by Romain Ligneul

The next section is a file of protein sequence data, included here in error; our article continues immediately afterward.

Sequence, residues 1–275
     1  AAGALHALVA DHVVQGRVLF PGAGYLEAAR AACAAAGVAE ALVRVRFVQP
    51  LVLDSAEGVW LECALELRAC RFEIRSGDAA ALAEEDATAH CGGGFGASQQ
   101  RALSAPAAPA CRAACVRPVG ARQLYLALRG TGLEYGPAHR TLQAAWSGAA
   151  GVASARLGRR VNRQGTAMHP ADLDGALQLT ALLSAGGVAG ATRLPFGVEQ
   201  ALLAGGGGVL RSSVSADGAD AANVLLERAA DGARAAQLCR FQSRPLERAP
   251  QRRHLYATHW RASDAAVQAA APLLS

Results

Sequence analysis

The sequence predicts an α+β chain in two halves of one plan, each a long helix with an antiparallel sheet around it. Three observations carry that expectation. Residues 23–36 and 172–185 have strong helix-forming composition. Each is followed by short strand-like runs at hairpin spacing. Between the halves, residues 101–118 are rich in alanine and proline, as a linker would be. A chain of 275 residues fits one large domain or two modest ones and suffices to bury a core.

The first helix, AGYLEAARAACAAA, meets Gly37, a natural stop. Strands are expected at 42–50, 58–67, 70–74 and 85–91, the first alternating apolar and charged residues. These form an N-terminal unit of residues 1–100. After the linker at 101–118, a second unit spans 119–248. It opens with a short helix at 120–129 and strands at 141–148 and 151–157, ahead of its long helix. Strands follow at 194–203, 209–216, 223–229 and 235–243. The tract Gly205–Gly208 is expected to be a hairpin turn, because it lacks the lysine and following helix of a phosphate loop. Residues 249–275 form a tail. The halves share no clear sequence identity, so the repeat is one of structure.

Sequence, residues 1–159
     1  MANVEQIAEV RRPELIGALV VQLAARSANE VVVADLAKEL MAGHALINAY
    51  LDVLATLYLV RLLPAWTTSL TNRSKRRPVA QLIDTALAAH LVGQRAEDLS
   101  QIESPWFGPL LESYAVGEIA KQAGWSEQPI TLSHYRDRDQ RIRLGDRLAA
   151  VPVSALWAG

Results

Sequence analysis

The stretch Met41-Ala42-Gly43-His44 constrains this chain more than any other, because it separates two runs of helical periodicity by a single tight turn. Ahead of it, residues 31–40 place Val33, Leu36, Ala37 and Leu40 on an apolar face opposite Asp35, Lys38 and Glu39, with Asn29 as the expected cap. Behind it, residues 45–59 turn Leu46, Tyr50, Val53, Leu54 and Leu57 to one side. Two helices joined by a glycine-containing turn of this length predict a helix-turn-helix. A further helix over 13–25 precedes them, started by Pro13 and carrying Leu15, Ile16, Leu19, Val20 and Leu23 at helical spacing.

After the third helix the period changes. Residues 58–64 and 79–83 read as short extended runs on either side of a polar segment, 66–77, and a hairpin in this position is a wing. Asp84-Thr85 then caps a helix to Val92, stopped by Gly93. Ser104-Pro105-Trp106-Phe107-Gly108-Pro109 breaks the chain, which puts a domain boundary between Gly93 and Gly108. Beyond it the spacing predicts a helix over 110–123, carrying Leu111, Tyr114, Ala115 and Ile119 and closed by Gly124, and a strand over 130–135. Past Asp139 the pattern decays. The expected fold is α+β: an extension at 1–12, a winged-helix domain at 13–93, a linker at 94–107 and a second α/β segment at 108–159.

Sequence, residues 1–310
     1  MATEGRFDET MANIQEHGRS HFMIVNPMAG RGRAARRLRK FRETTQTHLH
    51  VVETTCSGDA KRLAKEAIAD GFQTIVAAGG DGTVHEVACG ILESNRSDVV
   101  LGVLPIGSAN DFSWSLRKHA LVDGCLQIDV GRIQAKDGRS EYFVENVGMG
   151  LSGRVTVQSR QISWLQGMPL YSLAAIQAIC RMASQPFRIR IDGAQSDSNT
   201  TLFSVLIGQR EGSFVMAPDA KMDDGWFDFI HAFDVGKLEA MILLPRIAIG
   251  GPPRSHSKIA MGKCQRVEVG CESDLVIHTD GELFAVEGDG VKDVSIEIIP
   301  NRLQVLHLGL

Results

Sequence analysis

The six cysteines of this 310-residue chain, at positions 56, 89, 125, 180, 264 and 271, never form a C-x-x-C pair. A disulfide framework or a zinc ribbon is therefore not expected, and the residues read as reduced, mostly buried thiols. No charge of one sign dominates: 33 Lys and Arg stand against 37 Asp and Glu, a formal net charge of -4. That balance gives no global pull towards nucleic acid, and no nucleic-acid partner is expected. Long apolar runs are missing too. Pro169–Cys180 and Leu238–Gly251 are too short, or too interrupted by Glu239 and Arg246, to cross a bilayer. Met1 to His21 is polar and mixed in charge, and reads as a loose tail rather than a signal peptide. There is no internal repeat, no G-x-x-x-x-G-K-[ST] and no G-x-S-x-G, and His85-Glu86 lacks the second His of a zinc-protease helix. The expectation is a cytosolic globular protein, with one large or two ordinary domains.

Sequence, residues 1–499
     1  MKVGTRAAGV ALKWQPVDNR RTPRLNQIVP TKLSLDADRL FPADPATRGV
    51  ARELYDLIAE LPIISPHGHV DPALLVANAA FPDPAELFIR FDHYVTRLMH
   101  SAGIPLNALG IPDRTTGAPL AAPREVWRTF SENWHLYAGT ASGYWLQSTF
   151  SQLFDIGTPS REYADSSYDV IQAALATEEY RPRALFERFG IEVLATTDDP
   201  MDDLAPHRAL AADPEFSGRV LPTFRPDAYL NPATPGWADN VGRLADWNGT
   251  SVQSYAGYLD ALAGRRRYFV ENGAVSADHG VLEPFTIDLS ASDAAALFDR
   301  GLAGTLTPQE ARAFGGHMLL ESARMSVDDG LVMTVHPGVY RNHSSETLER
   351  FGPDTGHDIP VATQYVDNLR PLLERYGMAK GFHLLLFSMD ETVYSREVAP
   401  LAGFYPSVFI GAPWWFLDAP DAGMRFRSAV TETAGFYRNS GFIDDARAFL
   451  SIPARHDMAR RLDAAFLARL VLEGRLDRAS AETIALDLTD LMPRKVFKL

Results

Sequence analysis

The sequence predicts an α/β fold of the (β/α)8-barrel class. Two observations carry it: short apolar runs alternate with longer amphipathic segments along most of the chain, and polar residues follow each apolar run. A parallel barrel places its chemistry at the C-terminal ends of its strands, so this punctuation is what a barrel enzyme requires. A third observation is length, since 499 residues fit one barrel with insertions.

The Iowa Gambling Task (IGT) is one of the most common paradigms used to assess decision-making and executive functioning in neurological and psychiatric disorders. Several reinforcement-learning (RL) models were recently proposed to refine the qualitative and quantitative inferences that can be made about these processes based on IGT data. Yet, these models do not account for the complex exploratory patterns which characterize participants’ behavior in the task. Using a dataset of more than 500 subjects, we demonstrate the existence of sequential exploration in the IGT and we describe a new computational architecture disentangling exploitation, random exploration and sequential exploration in this large population of participants. The new Value plus Sequential Exploration (VSE) architecture provided a better fit than previous models. Parameter recovery, model recovery and simulation analyses confirmed the superiority of the VSE scheme. Furthermore, using the VSE model, we confirmed the existence of a significant reduction in directed exploration across lifespan in the IGT, as previously reported with other paradigms. Finally, we provide a user-friendly toolbox enabling researchers to easily and flexibly fit computational models on the IGT data, hence promoting reanalysis of the numerous datasets acquired in various populations of patients and contributing to the development of computational psychiatry.
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